Sunday, August 30, 2009


I recently realized that if I'm not creative with the way I write up these blog posts, it's quite possible that they'll quickly become repetitive and evoke feelings of resentment instead of excitement in my readers, especially as temperatures in the northern hemisphere start to drop. My blog could very well read like this for the remainder of my time in Brazil:

"Sunday was perfect. I played soccer on the beach and swam in the ocean. Monday was perfect. I played soccer on the beach and swam in the ocean. Tuesday I went to class from 9am-7pm, then ate dinner and went to bed. Wednesday was perfect. I played soccer on the beach and swam in the ocean. Thursday was perfect. I went to class from 9am-1pm, then played soccer on the beach and swam in the ocean. I went back to class from 5-7pm, sandy but content. Friday, Saturday, and today were perfect. I played soccer on the beach and swam in the ocean. Check back next week for more updates on my life in Brazil."

Fortunately for both you and me, I actually did more than that this week! On Monday I had a meeting with the documentary filmmaker with whom I'm going to be interning while I'm here in Rio. He has a number of projects going on right now, but I'll be focusing on a film called "Beyond Babel" that follows language change around the globe. I've been doing fascinating research this week on endangered languages in New Zealand, Alaska, and Ireland, as well as studying how Jacques Derrida's writings on the Tower of Babel remain relevant in the midst of today's culture of globalization. While I was in the meeting, he received a call from National Geographic offering $3 million to make a worldwide special on rainforests. One more project on the table. He's kind of a big deal. On Wednesday I took the metro to the music stores in the center of Rio; two hours later I took the metro back to Zona Sul with a brand new acoustic-electric classical cutaway guitar over my shoulder. I consider it a celebratory gesture to myself for landing two awesome internships in the past two weeks. Now I'm going to spend a few hours each week writing bossa nova songs dedicated to the girls of Ipanema and Leblon. That night, at the urging of my friend David and a British dude named Nick who's staying in David's homestay, I made the spontaneous decision to attend my first professional soccer game at Maracanã Stadium. It started at 9:50pm and featured Rio's two biggest club teams, Flamengo and Fluminense (this particular matchup is called the "Fla-Flu"). The stadium wasn't full by any means, but it didn't need to be. Crazy fans from both teams were flying enormous flags, screaming incomprehensible chants, and banging African drums the entire time. There were illegal fireworks after each of the two goals (it ended in a tie, 1-1), and my voice was long gone by the time I got home at 2:30am. On Friday I spent a few hours catching up on letters and post cards (so if you sent me one, get excited!), and yesterday I spent a few hours exploring Leblon. I found an absolutely amazing nature park ten minutes from my apartment called Parque do Penhasco Dois Irmãos, with hiking trails, a pond, a soccer court, an amphitheater, sculptures, and spectacular panoramic views of the beaches at Leblon, Ipanema, and São Conrado. Apparently it's one of Rio's best-kept secrets, because it was completely empty during the two hours I was there and because nobody I've spoken to has heard of it! I've been feeling adventurous lately, so I'm challenging myself to investigate a new aspect of this marvelous city every week. I'll let you know what I find...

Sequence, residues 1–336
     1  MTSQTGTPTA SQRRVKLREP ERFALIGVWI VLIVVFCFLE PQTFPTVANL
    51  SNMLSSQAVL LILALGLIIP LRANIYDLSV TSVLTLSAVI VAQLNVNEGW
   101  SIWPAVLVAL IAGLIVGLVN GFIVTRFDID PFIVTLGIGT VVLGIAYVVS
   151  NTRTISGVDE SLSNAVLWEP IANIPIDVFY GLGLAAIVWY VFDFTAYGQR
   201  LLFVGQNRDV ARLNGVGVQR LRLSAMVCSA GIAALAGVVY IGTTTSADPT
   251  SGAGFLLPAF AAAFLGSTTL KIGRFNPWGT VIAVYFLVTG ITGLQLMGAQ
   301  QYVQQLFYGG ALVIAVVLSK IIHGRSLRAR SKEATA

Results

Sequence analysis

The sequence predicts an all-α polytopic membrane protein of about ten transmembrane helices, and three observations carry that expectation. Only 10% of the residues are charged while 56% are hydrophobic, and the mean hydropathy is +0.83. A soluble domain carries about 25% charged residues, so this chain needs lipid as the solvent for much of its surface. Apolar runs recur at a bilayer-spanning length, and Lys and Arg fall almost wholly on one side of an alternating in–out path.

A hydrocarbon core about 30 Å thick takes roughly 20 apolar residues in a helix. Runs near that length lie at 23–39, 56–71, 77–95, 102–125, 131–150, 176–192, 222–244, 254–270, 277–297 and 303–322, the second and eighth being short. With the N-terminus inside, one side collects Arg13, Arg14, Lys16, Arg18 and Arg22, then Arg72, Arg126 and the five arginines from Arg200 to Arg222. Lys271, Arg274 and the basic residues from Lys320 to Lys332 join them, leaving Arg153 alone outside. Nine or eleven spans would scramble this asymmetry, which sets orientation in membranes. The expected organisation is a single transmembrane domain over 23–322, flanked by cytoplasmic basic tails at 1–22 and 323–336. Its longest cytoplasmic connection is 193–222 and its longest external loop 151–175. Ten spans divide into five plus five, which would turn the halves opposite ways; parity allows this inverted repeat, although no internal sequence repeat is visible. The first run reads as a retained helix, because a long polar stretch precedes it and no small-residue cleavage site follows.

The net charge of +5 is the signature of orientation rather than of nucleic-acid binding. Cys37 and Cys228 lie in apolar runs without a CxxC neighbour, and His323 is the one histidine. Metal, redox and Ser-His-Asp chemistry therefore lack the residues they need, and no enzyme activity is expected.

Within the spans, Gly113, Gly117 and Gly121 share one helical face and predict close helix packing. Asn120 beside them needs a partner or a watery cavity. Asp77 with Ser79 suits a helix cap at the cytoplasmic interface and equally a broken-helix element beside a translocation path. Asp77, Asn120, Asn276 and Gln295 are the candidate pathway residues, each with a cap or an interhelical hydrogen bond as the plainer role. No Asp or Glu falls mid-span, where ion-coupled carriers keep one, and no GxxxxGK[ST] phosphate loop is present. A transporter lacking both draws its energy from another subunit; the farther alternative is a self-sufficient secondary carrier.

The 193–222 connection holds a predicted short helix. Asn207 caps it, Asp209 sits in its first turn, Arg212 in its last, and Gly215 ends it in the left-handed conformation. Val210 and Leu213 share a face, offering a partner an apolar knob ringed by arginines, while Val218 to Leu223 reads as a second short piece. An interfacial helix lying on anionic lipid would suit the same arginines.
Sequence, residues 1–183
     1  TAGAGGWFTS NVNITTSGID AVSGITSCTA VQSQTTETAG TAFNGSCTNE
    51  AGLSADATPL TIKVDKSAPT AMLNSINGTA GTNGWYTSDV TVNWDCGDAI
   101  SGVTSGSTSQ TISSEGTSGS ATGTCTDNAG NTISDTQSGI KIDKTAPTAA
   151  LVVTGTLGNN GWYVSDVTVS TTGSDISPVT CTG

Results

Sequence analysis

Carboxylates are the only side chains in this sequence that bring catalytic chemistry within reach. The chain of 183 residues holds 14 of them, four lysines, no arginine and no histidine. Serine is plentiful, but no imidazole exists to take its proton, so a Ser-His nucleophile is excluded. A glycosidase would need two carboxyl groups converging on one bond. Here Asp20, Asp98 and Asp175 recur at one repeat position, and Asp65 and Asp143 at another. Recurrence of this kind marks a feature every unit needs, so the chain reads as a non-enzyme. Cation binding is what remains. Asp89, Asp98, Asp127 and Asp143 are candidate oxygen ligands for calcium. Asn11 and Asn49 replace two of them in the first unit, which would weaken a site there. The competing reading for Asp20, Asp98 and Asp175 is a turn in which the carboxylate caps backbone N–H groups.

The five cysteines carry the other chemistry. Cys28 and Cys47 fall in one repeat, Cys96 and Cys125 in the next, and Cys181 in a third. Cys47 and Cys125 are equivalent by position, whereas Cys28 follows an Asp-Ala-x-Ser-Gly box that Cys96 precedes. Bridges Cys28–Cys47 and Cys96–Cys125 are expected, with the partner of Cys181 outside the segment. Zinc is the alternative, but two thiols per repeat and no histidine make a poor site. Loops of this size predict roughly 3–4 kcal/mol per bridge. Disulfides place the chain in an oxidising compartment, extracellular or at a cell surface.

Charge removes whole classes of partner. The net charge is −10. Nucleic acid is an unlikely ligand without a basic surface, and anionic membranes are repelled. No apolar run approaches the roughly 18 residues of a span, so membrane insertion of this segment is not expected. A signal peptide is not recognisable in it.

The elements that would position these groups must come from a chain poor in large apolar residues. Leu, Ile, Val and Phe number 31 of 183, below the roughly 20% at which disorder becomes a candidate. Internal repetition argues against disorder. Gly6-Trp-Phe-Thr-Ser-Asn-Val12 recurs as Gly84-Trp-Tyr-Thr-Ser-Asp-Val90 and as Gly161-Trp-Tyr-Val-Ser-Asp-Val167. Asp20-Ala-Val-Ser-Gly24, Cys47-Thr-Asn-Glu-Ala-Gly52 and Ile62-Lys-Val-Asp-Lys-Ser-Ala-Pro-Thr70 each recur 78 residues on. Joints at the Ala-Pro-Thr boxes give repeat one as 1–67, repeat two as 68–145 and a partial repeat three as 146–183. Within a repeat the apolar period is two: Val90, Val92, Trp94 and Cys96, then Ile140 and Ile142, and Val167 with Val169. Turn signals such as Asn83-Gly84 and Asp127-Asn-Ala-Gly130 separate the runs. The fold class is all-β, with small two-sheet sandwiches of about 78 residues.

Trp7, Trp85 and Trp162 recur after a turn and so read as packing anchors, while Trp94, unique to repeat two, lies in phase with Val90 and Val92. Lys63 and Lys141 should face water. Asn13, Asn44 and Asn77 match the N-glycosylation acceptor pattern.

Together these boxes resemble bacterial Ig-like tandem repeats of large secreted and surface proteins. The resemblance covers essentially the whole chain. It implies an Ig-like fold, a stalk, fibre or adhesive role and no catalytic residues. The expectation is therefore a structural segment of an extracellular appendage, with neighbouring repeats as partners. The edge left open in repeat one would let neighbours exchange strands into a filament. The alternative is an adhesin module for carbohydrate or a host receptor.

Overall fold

Saturday, August 22, 2009

School, Soccer, and Surprises